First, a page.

As a total work, Chambers contends with the relationship between the knowing and understanding of what we hear, our perception of the source of a sound, and its relation to space. When viewed in the immediate context of Vespers, as it is here, it presents as an unexpected inversion of what was to come. While it plays on the relation of sight and the sonic actor, here what is seen and unseen takes on a dynamically different role. Equally, there is not one space to perceive, but many. For the realization of Chambers, battery-operated radios, tape recorders, and various kinds of electric toys are hidden in paper bags, shoes, kettles, a suitcase, and other small resonant spaces, which not only limit the perception of these object to their sounds alone, but take on the role of acoustic actors on the sounds within, each space becoming as individual and distinct as the object it contains. Taking it one step further, rather than being static, these "chambers" are carried by performers into larger ones —those in which the work is performed— further altering the sounds which occupy them, drawing the ear, once again, to the action of that which contains a body of sound.
Because the works of Alvin Lucier have occupied a seminal place in the landscape of avant-garde sound for more than half a century, their materiality forming the bedrock on which so many have subsequently built, there can be a natural tendency to focus on their immediate forms, each springing from a radical and forward thinking approach to the generation of sound —what the sounds are and what makes them, rather than how they operate and why they were made. This, at least in some part, underscores the importance of this reissue of the two works before us now. Like most of Lucier's efforts from the 1960s, there is a purity to discover them in recorded form that draws the ear toward the remarkable territories of conceptualism and ideology that lay at their core. Not only are they a crucial window into Lucier's early years and less acknowledged efforts, but they activate a more dynamic awareness, philosophically, of the broad creative paradigm and context in which he has continuously worked. These are works which belong to a movement which sought to rejoin the avant-garde with the society it was conceived to serve. A human music of expanded consciousness, to be occupied, tapping the fundamental need to communicate and understand through sound.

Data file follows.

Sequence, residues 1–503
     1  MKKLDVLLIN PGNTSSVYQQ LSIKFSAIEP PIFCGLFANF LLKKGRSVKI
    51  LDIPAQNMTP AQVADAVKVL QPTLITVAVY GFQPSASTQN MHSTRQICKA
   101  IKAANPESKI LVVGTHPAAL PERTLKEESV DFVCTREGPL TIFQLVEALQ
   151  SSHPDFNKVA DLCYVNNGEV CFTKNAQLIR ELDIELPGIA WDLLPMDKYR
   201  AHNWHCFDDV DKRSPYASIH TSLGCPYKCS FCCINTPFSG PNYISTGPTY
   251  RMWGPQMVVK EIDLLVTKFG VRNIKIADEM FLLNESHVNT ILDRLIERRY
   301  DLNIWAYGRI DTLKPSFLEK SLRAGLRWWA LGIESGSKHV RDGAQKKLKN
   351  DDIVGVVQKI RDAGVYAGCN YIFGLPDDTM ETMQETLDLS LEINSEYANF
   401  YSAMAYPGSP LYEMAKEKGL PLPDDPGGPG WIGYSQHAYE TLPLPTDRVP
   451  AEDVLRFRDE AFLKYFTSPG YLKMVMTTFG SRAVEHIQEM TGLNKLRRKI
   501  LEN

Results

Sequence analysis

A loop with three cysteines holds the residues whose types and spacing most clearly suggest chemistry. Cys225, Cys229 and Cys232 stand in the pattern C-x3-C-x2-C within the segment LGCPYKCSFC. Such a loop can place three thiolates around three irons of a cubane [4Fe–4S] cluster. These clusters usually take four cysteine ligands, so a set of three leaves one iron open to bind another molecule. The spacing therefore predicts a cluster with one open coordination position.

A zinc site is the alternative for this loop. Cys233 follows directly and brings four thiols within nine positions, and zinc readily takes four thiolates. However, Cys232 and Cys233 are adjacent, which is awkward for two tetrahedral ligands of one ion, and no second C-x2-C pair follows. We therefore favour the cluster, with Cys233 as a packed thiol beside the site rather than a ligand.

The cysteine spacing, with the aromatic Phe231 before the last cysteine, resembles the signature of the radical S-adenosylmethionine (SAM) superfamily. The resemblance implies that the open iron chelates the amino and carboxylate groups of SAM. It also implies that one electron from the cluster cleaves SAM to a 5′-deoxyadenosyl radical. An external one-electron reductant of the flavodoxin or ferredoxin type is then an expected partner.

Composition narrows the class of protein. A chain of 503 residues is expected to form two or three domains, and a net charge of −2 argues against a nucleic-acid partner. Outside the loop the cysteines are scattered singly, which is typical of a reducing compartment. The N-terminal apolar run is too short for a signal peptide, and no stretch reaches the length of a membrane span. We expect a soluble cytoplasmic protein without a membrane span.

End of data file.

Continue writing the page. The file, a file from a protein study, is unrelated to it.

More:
Vespers is released by Blume in an edition of 300 copies on 160gr audiophile coloured (dark blue) vinyl, housed in the label's traditional monochrome package coming with a newly designed obi-strip/insert with an introduction by Robert Ashley, liner-notes by Bradford Bailey and Gaia Martino, and also including a printed inner sleeve housing a Nagaoka anti-static record sleeve, plus an all-new transparent colour-matching outer plastic sleeve. Photography by Mary Lucier.